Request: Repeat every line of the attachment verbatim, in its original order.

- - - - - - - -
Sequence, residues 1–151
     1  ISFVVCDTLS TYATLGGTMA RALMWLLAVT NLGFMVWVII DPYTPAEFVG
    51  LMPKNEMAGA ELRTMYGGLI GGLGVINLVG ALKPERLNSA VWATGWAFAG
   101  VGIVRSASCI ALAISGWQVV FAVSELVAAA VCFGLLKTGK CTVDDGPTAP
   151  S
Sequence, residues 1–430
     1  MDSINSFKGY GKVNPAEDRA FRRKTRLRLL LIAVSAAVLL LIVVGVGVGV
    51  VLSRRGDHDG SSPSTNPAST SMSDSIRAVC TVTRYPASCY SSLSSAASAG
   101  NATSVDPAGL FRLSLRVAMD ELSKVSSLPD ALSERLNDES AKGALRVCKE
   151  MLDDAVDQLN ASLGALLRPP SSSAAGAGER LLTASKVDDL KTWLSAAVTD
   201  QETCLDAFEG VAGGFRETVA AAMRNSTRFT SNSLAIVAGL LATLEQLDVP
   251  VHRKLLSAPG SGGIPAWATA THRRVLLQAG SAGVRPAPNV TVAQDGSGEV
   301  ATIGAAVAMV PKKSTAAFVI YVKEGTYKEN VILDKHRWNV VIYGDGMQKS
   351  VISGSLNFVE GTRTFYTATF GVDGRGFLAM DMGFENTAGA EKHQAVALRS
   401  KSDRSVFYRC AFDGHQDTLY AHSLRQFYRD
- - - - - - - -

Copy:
Sequence, residues 1–151
     1  ISFVVCDTLS TYATLGGTMA RALMWLLAVT NLGFMVWVII DPYTPAEFVG
    51  LMPKNEMAGA ELRTMYGGLI GGLGVINLVG ALKPERLNSA VWATGWAFAG
   101  VGIVRSASCI ALAISGWQVV FAVSELVAAA VCFGLLKTGK CTVDDGPTAP
   151  S
Sequence, residues 1–430
     1  MDSINSFKGY GKVNPAEDRA FRRKTRLRLL LIAVSAAVLL LIVVGVGVGV
    51  VLSRRGDHDG SSPSTNPAST SMSDSIRAVC TVTRYPASCY SSLSSAASAG
   101  NATSVDPAGL FRLSLRVAMD ELSKVSSLPD ALSERLNDES AKGALRVCKE
   151  MLDDAVDQLN ASLGALLRPP SSSAAGAGER LLTASKVDDL KTWLSAAVTD
   201  QETCLDAFEG VAGGFRETVA AAMRNSTRFT SNSLAIVAGL LATLEQLDVP
   251  VHRKLLSAPG SGGIPAWATA THRRVLLQAG SAGVRPAPNV TVAQDGSGEV
   301  ATIGAAVAMV PKKSTAAFVI YVKEGTYKEN VILDKHRWNV VIYGDGMQKS
   351  VISGSLNFVE GTRTFYTATF GVDGRGFLAM DMGFENTAGA EKHQAVALRS
   401  KSDRSVFYRC AFDGHQDTLY AHSLRQFYRD